Coastal megacities pose a particular challenge for climate change adaptation and resilience planning. These dense concentrations of population, economic activity, and consumption—the majority of which are in the Global South—are often extremely vulnerable to climate change impacts such as sea level rise and extreme weather. This paper unpacks these complexities through a case study of Metropolitan Manila, the capital of the Philippines, which represents an example of “double exposure” to climate change impacts and globalization. The city is experiencing tremendous population and economic growth, yet Manila is plagued by frequent natural disasters, congestion, inadequate infrastructure, poverty, and income inequality. The need for metro-wide planning and infrastructure transformations to address these problems is widely recognized, but governance challenges are a major barrier. Drawing on fieldwork, interviews, and other primary and secondary sources, I argue that climate change and globalization, in combination with Manila’s historical and physical context, critically shape metro-wide infrastructure planning. Focusing on electricity and green infrastructure, I find that the largely decentralized and privatized urban governance regime is perpetuating a fragmented and unequal city, which may undermine urban climate resilience. This study extends the double exposure framework to examine how global processes interact with contextual factors to critically shape urban infrastructure planning, and how the resulting system conforms to theorized characteristics of urban climate resilience. In doing so, I help to connect emerging literatures on double exposure, urban infrastructure planning, and urban climate resilience.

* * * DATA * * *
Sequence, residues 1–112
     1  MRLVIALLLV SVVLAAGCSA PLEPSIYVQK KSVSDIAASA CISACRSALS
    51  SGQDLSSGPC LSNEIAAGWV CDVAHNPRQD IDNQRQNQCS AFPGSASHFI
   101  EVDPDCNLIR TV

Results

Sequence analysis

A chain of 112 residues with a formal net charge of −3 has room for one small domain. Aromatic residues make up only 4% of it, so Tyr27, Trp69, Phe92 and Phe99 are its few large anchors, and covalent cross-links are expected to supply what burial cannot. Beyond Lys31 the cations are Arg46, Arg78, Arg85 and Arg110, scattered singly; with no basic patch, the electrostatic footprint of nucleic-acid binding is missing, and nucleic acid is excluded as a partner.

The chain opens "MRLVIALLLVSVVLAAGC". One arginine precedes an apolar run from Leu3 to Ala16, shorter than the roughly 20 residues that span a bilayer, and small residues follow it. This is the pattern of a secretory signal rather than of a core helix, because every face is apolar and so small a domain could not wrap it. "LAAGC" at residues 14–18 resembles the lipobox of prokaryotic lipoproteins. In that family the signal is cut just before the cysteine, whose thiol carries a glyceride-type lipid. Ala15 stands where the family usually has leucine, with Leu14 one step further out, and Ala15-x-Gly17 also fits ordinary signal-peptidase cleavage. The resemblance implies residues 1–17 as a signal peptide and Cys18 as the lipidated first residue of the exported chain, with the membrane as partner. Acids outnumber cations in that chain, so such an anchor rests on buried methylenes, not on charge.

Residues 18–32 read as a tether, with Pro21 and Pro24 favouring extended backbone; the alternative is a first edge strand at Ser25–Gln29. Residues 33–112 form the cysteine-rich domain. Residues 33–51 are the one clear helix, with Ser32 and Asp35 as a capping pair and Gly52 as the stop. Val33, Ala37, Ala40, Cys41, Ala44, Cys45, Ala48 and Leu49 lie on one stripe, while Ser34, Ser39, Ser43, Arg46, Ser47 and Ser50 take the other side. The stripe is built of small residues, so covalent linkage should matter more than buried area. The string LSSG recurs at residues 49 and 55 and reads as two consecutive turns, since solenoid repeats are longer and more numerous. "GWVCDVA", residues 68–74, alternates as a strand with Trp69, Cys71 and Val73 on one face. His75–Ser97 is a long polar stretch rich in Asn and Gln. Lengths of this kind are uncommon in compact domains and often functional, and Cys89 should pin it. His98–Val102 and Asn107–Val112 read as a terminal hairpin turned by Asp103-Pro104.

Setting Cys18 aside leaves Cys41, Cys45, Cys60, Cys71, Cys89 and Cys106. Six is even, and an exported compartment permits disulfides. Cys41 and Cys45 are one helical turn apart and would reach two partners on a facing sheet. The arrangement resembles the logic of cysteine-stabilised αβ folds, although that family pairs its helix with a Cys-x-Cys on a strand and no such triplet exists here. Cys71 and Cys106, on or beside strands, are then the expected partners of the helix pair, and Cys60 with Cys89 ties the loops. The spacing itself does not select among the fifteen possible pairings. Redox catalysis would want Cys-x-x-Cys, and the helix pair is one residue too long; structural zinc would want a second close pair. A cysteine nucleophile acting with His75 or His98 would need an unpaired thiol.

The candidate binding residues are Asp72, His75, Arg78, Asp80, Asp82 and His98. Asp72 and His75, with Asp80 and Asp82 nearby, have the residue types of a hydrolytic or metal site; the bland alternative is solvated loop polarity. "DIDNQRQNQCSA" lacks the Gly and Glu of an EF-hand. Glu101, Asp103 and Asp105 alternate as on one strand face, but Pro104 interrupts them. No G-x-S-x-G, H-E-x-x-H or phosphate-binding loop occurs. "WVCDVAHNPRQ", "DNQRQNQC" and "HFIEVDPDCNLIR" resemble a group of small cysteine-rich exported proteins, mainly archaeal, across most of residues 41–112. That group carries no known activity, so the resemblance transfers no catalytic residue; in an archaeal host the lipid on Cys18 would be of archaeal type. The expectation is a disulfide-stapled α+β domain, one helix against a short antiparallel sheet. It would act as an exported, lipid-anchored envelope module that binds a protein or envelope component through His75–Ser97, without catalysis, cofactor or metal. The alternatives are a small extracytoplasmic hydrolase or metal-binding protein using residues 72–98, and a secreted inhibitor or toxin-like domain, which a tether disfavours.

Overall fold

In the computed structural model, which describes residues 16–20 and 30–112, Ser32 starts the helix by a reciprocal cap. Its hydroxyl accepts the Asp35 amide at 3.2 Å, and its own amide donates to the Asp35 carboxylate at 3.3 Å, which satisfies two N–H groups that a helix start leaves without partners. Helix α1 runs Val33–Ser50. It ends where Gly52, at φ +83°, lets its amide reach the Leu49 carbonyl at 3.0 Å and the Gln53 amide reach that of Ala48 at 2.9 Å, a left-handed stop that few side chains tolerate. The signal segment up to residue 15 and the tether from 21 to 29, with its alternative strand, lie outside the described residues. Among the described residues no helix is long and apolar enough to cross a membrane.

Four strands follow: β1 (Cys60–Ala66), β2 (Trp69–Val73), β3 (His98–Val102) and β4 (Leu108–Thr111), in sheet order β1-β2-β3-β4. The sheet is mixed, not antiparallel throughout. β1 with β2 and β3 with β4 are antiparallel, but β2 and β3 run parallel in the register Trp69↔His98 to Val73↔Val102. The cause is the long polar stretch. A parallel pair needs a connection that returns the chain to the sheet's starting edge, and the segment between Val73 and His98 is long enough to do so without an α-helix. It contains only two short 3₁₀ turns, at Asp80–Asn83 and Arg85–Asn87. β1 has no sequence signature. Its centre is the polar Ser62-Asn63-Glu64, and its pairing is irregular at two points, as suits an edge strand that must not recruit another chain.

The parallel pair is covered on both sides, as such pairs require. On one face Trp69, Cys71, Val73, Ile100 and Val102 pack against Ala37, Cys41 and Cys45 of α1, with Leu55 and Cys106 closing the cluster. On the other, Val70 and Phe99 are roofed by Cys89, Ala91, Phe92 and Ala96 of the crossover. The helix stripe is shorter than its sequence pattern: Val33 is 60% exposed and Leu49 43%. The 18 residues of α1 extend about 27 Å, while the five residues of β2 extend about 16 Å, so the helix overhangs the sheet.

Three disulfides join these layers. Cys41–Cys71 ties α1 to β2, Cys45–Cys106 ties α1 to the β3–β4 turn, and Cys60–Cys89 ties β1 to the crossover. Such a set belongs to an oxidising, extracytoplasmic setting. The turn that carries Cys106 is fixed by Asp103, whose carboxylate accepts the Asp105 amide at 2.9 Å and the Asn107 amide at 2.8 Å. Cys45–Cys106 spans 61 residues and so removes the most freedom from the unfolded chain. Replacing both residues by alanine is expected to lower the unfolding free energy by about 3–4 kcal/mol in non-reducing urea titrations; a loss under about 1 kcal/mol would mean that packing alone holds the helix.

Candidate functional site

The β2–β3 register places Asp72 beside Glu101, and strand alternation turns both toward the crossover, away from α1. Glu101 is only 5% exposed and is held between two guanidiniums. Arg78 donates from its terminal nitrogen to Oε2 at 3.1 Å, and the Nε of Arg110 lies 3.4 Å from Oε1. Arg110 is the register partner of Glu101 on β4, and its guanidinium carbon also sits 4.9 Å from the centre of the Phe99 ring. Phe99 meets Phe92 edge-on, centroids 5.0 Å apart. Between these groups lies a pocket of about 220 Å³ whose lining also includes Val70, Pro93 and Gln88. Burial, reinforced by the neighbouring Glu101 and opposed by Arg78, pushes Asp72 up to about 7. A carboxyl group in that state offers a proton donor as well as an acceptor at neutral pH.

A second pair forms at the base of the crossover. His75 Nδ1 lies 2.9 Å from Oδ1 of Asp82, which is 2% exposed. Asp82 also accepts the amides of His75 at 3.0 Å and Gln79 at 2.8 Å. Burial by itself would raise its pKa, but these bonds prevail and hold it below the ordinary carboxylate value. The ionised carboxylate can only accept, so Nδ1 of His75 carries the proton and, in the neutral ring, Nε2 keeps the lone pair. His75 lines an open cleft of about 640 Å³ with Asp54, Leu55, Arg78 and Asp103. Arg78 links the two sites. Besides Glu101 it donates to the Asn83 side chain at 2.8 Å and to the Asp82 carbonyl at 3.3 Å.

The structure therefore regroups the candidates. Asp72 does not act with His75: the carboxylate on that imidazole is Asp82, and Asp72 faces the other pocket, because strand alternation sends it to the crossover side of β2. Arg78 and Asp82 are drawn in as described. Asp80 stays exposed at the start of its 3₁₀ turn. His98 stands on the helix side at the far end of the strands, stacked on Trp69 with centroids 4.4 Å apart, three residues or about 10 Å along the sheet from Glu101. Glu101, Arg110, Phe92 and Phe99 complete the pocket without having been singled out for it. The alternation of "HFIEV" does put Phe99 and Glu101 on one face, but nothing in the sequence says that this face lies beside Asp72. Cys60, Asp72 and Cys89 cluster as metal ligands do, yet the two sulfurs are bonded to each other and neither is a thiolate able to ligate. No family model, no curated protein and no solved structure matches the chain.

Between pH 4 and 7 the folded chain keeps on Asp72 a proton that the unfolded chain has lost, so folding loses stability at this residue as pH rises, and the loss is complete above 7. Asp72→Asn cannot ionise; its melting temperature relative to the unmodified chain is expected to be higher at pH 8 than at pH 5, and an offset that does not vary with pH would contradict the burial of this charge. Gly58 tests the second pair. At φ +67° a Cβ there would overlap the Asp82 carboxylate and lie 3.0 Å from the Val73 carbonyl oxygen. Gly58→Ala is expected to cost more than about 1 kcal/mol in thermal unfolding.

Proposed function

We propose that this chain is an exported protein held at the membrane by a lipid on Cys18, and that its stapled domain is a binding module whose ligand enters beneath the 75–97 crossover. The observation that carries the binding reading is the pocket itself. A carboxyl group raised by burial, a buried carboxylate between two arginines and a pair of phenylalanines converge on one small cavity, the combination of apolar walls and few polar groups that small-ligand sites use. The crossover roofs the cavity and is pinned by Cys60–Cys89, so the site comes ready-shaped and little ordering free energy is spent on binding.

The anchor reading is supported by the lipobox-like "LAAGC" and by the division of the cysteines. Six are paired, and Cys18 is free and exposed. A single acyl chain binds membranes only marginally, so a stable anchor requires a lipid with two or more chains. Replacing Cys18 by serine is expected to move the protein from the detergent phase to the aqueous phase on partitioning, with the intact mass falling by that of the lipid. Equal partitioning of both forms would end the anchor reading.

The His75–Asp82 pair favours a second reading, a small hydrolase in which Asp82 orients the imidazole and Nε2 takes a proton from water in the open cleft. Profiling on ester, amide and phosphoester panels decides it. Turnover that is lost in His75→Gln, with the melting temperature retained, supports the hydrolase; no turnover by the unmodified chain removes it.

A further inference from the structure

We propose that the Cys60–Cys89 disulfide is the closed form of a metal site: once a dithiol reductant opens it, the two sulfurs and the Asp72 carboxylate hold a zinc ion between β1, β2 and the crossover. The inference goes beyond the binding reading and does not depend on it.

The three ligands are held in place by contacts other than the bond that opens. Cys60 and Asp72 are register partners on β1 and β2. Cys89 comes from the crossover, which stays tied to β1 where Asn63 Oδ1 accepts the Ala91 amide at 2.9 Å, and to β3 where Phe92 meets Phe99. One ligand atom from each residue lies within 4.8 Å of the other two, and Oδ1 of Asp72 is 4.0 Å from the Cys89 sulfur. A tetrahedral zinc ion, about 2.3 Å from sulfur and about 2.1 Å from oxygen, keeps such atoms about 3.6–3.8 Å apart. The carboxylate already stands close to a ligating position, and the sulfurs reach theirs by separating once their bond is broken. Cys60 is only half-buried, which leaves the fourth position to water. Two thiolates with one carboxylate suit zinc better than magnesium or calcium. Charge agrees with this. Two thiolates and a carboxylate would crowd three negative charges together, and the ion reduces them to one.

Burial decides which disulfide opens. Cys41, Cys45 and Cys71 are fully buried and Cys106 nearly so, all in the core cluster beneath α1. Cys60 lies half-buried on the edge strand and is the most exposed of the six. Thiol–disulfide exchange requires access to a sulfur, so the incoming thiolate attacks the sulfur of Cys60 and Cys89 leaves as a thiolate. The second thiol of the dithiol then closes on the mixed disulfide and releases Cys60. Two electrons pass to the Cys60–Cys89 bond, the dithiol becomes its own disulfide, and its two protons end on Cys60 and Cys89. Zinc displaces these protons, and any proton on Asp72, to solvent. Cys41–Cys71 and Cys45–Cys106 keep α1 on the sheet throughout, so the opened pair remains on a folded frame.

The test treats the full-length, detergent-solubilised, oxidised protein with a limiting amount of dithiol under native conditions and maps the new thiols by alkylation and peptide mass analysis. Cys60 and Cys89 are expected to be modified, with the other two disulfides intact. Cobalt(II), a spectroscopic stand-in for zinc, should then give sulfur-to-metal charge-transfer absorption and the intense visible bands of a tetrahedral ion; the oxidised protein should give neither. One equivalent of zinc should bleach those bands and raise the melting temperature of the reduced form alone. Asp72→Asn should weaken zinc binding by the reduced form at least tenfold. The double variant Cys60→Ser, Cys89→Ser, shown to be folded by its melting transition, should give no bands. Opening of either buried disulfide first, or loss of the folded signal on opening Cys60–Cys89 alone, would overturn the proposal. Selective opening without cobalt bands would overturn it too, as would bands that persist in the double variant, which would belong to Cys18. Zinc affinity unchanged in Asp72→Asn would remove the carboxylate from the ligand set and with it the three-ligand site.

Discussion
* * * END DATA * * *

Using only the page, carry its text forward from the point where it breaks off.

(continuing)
- Climate change adaptation
- urban infrastructure planning
- urban resilience
ASJC Scopus subject areas
- Geography, Planning and Development
- Environmental Science (miscellaneous)